Though I must admit to never having been a very good student of history in school, I have, as an adult, developed a fascination for the type of living history related to us by those who actually lived it--not the names and dates in a textbook, but the oral accounts of the factory workers, soldiers, and homemakers who experienced events firsthand and can tell us what it was like to have been an ordinary person in extraordinary times. It is humbling to see, for example, the many bridges around town built by the Works Progress Administration and to realize that some of our kupuna provide us with a direct link back to that tumultuous time in American history. It is also fascinating to see the imprint left on each generation by the times through which it lived. Whether it is the Greatest Generation that lived through the Great Depression and World War II; the Baby Boomers who grew up during the era of Vietnam, Woodstock, and Watergate; or my own generation--Gen X--which came of age during the Reagan 80s; each generation has its cultural touchstones and shared experiences that transcend individual differences and distinguish it from those that came before or after. (Every year, Beloit College releases a Mindset List that reflects the world of incoming college frosh. It makes for fascinating and sobering reading.)
Although we have almost every generation represented among our St. Mark's ohana, it is inspiring and gratifying for me to see that we share a common implicit understanding of what it means to offer ourselves for the good of our community. Many of you give generously and unassumingly of your time, talent, and treasure as a matter of course, and talking about stewardship sometimes feels like preaching to the choir. Nevertheless, I find it enlightening and refreshing to periodically reexamine and revisit aspects of my spiritual life and practice--stewardship being no exception--and I find that I gain fresh insights and learn something new and surprising each time I do so. As Keane Akao shared with us during his presentation on the joyful offering of ourselves through baptismal ministry, every facet of our lives as Christians stems from the promises made by us or on our behalf at our baptism; and for me, one need go no further than the words of the Holy Eucharist, Rite I:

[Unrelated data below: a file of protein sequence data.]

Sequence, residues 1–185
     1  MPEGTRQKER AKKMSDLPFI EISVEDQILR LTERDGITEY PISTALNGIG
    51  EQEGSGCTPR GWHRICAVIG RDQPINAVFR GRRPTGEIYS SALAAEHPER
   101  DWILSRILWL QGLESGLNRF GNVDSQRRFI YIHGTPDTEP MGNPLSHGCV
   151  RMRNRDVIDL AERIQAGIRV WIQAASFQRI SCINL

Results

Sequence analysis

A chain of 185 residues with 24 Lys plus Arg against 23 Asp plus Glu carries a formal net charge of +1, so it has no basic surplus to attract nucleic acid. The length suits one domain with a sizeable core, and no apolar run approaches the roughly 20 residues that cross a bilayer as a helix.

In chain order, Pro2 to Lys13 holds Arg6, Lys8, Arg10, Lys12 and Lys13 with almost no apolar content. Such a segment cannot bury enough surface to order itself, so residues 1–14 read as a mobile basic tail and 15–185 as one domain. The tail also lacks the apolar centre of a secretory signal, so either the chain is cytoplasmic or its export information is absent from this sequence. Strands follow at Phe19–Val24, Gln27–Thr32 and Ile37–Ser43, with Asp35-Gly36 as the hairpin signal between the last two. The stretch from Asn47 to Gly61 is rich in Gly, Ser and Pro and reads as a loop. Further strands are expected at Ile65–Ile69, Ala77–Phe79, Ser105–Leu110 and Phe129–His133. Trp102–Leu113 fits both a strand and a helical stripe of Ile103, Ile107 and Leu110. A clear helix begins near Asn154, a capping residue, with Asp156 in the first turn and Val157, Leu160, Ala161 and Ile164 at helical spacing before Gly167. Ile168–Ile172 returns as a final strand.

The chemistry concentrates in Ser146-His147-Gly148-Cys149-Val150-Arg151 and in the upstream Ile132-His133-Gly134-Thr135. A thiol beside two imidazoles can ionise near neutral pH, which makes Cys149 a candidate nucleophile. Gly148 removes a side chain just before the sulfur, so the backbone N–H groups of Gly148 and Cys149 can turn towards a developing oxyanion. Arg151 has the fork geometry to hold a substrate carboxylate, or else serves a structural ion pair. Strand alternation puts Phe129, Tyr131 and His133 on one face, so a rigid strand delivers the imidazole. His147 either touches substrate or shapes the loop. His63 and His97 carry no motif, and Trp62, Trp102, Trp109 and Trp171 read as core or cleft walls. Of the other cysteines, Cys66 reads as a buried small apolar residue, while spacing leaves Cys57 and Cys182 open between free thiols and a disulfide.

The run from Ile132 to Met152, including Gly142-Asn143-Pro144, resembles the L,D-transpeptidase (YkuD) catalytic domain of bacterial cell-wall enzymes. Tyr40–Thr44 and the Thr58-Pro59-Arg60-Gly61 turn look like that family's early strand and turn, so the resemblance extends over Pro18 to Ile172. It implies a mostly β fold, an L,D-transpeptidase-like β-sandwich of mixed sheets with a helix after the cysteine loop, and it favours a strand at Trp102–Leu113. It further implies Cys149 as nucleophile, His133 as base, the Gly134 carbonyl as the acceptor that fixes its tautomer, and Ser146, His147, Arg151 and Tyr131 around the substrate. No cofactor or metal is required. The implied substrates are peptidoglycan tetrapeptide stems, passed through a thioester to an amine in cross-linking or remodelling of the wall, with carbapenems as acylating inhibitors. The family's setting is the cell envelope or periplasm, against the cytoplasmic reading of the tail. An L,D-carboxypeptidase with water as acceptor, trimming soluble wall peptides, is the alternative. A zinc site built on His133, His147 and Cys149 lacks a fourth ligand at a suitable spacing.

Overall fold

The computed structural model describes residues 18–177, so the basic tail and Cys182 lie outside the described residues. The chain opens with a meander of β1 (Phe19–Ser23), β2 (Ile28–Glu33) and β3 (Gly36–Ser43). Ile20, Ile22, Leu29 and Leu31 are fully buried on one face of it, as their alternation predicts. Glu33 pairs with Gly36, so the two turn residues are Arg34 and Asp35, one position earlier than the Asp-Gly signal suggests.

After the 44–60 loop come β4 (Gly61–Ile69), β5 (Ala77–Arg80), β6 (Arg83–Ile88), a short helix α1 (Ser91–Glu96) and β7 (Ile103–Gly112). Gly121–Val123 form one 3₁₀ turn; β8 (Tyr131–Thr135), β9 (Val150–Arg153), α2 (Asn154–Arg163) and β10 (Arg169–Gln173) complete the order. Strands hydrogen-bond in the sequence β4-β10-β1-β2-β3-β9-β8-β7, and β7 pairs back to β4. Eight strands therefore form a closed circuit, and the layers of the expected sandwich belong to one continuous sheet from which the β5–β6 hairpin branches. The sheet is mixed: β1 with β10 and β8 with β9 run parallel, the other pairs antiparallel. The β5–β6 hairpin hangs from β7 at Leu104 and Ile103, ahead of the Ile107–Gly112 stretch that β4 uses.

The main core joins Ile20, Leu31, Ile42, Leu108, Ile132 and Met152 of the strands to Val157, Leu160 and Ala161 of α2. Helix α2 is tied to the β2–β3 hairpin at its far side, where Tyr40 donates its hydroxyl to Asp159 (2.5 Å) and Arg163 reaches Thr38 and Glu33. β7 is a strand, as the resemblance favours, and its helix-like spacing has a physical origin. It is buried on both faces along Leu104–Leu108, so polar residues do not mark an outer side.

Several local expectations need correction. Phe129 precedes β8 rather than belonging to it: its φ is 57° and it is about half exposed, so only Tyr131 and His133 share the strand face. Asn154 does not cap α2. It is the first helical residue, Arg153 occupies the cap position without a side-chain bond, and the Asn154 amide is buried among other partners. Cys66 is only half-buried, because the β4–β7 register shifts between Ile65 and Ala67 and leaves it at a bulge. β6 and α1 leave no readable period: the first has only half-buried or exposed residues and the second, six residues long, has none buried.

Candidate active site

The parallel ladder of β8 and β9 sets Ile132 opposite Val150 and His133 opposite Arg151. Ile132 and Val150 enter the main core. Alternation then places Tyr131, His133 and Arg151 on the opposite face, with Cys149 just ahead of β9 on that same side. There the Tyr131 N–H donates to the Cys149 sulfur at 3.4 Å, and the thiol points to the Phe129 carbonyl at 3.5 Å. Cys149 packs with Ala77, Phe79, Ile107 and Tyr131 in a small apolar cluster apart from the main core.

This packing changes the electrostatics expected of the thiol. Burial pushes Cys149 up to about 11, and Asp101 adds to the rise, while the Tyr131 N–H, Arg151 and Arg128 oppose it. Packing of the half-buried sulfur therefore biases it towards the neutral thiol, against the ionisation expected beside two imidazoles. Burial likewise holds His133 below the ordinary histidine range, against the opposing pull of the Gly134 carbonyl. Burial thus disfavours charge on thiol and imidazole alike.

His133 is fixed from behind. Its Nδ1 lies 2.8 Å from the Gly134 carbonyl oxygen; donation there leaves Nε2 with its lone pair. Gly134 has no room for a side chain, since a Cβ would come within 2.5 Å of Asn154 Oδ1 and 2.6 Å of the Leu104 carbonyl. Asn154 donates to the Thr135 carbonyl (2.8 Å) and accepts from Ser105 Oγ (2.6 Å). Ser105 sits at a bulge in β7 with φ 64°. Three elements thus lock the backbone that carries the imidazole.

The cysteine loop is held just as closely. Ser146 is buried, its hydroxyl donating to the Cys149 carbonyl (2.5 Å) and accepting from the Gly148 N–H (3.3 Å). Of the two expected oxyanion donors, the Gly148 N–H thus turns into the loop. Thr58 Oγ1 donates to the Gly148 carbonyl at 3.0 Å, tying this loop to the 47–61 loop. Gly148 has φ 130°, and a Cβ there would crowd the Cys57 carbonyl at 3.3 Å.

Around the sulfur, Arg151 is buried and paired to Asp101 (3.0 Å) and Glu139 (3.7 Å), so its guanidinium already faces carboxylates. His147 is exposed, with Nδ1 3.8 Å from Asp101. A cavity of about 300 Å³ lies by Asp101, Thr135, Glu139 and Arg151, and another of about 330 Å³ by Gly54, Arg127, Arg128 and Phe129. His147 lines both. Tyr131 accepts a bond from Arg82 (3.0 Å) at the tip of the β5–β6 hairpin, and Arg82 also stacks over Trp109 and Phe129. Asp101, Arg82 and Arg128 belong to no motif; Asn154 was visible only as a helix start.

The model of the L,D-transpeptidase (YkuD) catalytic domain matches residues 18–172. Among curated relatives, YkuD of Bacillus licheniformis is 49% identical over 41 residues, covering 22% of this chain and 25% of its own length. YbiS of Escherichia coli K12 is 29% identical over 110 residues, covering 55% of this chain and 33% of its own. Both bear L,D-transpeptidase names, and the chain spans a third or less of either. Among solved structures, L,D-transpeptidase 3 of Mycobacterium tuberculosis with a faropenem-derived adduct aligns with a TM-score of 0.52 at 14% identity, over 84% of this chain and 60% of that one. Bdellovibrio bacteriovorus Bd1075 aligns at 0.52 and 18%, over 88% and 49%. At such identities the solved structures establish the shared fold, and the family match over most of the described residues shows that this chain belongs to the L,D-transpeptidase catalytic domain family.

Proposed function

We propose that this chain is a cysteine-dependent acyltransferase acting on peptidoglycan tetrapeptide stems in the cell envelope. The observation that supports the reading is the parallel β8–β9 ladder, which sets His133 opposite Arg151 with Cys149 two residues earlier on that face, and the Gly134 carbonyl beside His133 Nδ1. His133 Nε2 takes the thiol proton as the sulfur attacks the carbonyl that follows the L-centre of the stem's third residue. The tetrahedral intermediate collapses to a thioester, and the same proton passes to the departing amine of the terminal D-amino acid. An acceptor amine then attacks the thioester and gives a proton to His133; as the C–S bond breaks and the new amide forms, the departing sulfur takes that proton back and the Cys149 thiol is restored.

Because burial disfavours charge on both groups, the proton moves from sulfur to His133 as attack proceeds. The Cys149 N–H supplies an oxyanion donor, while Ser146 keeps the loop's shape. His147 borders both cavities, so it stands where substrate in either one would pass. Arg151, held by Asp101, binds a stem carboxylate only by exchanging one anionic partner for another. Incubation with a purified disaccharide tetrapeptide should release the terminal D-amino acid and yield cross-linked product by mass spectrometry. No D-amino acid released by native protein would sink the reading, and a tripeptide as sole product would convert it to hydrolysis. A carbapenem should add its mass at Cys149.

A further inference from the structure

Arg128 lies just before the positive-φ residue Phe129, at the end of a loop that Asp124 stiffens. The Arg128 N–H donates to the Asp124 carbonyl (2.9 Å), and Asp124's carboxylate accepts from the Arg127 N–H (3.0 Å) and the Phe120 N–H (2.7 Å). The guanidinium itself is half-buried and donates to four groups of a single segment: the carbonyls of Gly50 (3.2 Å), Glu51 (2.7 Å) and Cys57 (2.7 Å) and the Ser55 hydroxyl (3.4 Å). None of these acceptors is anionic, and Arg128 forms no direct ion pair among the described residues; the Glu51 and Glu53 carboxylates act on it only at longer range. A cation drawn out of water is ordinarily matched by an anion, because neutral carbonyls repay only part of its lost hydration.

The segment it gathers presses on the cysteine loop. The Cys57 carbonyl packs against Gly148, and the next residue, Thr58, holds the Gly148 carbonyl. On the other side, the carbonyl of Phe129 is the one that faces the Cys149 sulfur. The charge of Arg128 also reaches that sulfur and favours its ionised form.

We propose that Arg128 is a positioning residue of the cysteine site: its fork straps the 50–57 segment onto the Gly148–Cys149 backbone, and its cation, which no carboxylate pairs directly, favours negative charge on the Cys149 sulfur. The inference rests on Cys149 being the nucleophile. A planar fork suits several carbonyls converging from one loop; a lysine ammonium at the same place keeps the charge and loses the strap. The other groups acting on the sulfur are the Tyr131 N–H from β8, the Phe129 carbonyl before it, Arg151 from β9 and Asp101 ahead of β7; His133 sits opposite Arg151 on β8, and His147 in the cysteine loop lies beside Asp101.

And here we offer and present unto thee, O Lord, our selves, our souls and bodies, to be a reasonable, holy, and living sacrifice unto thee; humbly beseeching thee that we, and all others who shall be partakers of this Holy Communion, may worthily receive the most precious Body and Blood of thy Son Jesus Christ, be filled with thy grace and heavenly benediction, and made one body with him, that he may dwell in us, and we in him.
The rewards of joyfully offering ourselves to God through lives lived sacramentally and intentionally are eternal and incalculable, and so I encourage you to join me in continuing to explore new ways of offering ourselves joyfully for the Lord's service.
Michael Ida, OJN